LITTLE ROCK, Ark. (AP) — A police officer in Helena-West Helena said he agreed to escort shipments of heroin because he "really needed the money," an FBI special agent testified Thursday.
Herman Eaton was one of five law enforcement officers arrested in "Operation Delta Blues," which focused on corruption and drug trafficking in the Mississippi Delta. Seventy people have been indicted. The officers are accused of taking bribes to help drug dealers move through the city and look the other way on crimes.
A judge denied bail to Eaton Thursday after the testimony of FBI special agent Ward Seale, who described how authorities collected audio and video recordings of Eaton talking to a federal informant.
The informant was a convicted drug dealer who originally told authorities that Eaton used to store drugs and drug money at his home, Seale said. The informant first approached Eaton in August and showed him what appeared to be about $400,000 worth of heroin in the back of his car, Seale said. The drugs were fake, he said.
When the informant said he needed a police officer to protect him as he drove the drugs from the city to a bridge leading into Mississippi, Eaton allegedly replied, "You don't have to pay anybody. Pay me. I'll do it."
Three times, Eaton took a $500 bribe to escort what he thought were drugs, Seale said. When he was arrested last week — along with dozens of other people in a pre-dawn raid of Helena-West Helena — Eaton admitted that "he really needed the money and that's why he did it," Seale said. He now faces drug trafficking and extortion charges.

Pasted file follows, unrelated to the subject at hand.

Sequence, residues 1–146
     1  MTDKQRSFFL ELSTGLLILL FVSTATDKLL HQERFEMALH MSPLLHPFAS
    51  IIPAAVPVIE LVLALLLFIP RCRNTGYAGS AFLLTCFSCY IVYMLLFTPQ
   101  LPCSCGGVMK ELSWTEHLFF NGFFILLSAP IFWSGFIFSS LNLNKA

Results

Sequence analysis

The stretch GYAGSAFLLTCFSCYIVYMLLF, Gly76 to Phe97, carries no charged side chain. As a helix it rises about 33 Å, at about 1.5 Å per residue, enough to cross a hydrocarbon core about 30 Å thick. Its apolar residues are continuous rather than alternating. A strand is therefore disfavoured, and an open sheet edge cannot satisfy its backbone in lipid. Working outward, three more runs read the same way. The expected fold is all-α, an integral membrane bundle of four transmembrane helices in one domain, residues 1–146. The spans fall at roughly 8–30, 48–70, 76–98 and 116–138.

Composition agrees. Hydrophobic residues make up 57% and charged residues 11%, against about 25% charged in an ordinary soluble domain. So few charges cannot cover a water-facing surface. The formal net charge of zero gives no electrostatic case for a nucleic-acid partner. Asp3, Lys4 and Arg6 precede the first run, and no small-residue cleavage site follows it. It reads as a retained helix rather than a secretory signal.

As Seale testified, Eaton repeatedly looked back at the courtroom gallery, where his family was seated, and shook his head. He mouthed the word "No" several times.
Eaton's attorney, Blake Hendrix, argued that the case had several flaws.
Under questioning, Seale acknowledged that authorities did not tape Eaton's alleged confession. The agent also said that the informant who snared Eaton cooperated with authorities to get a sentence reduction for a friend who pleaded guilty to another crime. The informant and the friend were not identified.
Authorities also did not search Eaton's home for drugs or find any of the money from bribes Eaton allegedly accepted, Seale said.
U.S. Magistrate Judge Joe Volpe said the evidence presented in court was "clear and convincing" in proving that Eaton didn't deserve bond. Volpe said he was troubled by the allegations against a police officer in a "very important position" as well as several prior arrests for domestic violence.
Eaton's fiance, Tracy Williams, said in court that she would take in Eaton and his four children if he was released from jail. But Volpe pointed out that Williams already had three children in her house.
"I think we'd be putting Mr. Eaton in a pressure cooker, with seven children, with a history of domestic violence," Volpe said.
Volpe had already denied bond to two officers, Robert "Bam Bam" Rogers of Helena-West Helena and Robert Wahls of nearby Marvell. The remaining two, Helena-West Helena's Marlene Kalb and Phillips County sheriff's deputy Winston Dean Jackson, have waived their right to request bond immediately.
All of the Helena-West Helena officers are on unpaid administrative leave.
Two people indicted in Operation Delta Blues remain at large, an FBI spokesman said Wednesday afternoon.
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